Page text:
Time Split - Briggs

 

Sarah's battle to escape the post-apocalyptic nuclear world results in a fight for her life and the need to seek help from an old friend.

The long awaited sequel to Time Split.

Alert.  The below text contains spoilers.

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Havelberg, Germany, 15th March 1930

 

Sarah suddenly found herself standing near a town square, the cry still deep in her throat. Her initial shock gave way instantly to surprise when she realised everything Jason had said was true. She had wanted to believe him but, despite this, a small part of her mind had denied it could ever be possible – yet here she was in Jason’s Germany.

A demonstration was taking place and in the commotion, nobody had even noticed her unusual arrival.

Quickly she looked around. There was no time to lose. She had to find Jason; she had to find him now. Three minutes, her mind kept screaming, only three minutes, he had said.

She scanned the streets, her senses on high alert, but could not see him anywhere. She started towards the square, then suddenly she was bumped from behind. She glanced at the perpetrator, as they passed, and was shocked to see it was Jason.

She tried to grab him, but missed.

“Jason!” she yelled. “Stop! You must listen!”

He continued through the crowd, the noise of the demonstration drowning out her cries, oblivious to her presence.

Sarah could see the door to a building across the street open; some men in uniform were making their way down the stairs.

As Jason crossed the road towards them, she found herself caught up in the crowd. Pushing against the mass, she forced her way through the demonstrators and was just about to break free when her right arm was abruptly grabbed from behind.

She looked back, shocked, then stopped and stared, her mouth open in astonishment. For vital seconds it seemed as if time was no longer moving, but instead was frozen like ice. The crowd around her blurred as though part of a dream and the only reality was the man who stood before her. “Briggs,” she said. “How the hell did you get here?”

A flash of light snapped Sarah from her daze and she looked down in time to see the glint of a blade discreetly clutched near the soldier’s left hip. Shocked, she tried to pull back, but he held her in place so firmly she barely expanded the distance between them and was still comfortably within the man’s reach.

It immediately became apparent he was just toying with her when suddenly she found she was no longer moving away, but instead was being dragged closer.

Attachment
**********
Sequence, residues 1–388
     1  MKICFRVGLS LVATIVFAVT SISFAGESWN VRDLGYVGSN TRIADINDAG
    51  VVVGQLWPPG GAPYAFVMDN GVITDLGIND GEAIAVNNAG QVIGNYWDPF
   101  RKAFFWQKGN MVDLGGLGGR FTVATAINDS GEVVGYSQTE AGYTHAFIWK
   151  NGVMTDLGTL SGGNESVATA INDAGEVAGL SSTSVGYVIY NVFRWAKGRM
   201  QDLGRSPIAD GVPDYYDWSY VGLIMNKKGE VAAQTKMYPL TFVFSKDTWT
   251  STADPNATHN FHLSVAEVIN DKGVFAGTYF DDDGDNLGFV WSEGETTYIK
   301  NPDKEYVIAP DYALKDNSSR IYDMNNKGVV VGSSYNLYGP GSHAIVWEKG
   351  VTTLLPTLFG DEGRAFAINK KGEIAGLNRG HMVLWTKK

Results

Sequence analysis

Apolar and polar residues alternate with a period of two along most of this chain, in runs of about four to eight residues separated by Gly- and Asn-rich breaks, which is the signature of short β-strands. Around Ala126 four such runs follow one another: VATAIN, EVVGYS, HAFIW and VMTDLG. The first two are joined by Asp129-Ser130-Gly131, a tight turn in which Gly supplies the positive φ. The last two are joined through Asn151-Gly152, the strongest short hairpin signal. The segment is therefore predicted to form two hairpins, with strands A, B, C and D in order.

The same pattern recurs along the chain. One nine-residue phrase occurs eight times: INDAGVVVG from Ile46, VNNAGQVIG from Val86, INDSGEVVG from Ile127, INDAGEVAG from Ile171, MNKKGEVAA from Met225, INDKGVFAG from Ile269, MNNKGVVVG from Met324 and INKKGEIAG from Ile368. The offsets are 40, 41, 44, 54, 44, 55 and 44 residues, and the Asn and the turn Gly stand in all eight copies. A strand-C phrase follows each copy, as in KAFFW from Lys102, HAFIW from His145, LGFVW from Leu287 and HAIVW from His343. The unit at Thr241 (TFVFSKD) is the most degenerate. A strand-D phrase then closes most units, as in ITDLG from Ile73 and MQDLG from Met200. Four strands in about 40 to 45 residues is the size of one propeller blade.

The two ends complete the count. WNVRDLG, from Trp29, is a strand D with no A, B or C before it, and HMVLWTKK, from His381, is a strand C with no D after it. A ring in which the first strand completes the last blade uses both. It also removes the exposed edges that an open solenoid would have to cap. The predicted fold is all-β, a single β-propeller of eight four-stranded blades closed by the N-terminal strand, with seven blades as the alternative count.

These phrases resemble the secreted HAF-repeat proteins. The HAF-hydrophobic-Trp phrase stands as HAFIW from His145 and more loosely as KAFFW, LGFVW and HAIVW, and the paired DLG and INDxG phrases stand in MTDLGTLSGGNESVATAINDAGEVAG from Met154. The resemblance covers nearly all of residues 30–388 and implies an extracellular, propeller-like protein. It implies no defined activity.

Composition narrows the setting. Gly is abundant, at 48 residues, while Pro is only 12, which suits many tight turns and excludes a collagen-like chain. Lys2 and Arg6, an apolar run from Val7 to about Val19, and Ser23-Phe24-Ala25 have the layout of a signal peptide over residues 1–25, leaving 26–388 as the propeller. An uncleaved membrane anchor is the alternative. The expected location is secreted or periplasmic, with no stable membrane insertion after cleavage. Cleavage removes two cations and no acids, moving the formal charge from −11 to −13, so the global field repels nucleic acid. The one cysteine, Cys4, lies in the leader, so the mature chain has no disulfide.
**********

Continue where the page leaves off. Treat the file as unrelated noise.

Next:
“If you don’t struggle, I’ll make this quick,” he hissed, his face an emotionless mask.

Sarah screamed, aware she was in a square full of people. She did not expect Briggs to be phased, but still, the attention it would draw would be undesirable, especially if he was about to commit cold-blooded murder.

She knew the man was cool under pressure, but she hoped that this would be enough to force him to back down.

She felt him pause, just for a moment, and immediately took advantage of the hesitation. She pulled back again as hard as she could, writhing her body from side to side, to loosen his grip.

Briggs raised the knife when silencing the woman took priority over discretion. A successful blow just behind the ear would sever her spinal cord with minimum blood loss, terminating her life instantly. To the casual onlooker it would appear as though she had just fainted.

Sarah raised her free hand in a vain attempt to protect herself, then suddenly she was flung to the floor. She landed on her side. Briefly confused by the change of events, she was convinced at first she had been stabbed, but a quick check revealed no blood and she also realised there was no pain. She looked up from the ground and saw two men trying to wrestle the knife off Briggs.

For a moment, it seemed as though the young, powerful individuals may get the better of the soldier, who had been caught off guard by the assault, but his training and ruthlessness was not to be overpowered by mere youth.

A quick twist of the wrist loosened the grip of the man who had a hold of his knife hand and in a move so fast it was impossible to see it coming, Briggs punched him on the side of the jaw, using the weapon to add weight to his blow. As the young man crumpled to the floor, knocked out cold, Briggs turned his attention to his colleague, who had been trying to wrestle the soldier from behind.

Reversing the movement, he swung the knife in a clockwise direction and plunged the blade deep into the man’s neck.

Behind Briggs a look of shock briefly washed over the German’s face before he loosened his grip, dropped to his knees and fell forward to lie diagonal to his colleague.

Sarah scrambled backwards, distancing herself from the scene, before climbing to her feet, desperate to escape Briggs, but more importantly, to stop Jason. She pushed through the crowd and broke clear just in time to see the scientist, gun in hand, stepping backwards away from the guards.

“Jason! Stop!” she screamed, then jumped when the sound of gunfire echoed off the buildings surrounding the square.

She turned her back on the drama as first the guard and then the official, who had been standing behind him for protection, fell to the ground.

Briggs cleared the crowd, he stopped – and for a heartbeat, stood staring smugly at Sarah. He had not killed her, but had still achieved the desired outcome. The altered timeline was saved; Hitler was as good as dead. He blinked and then she was gone.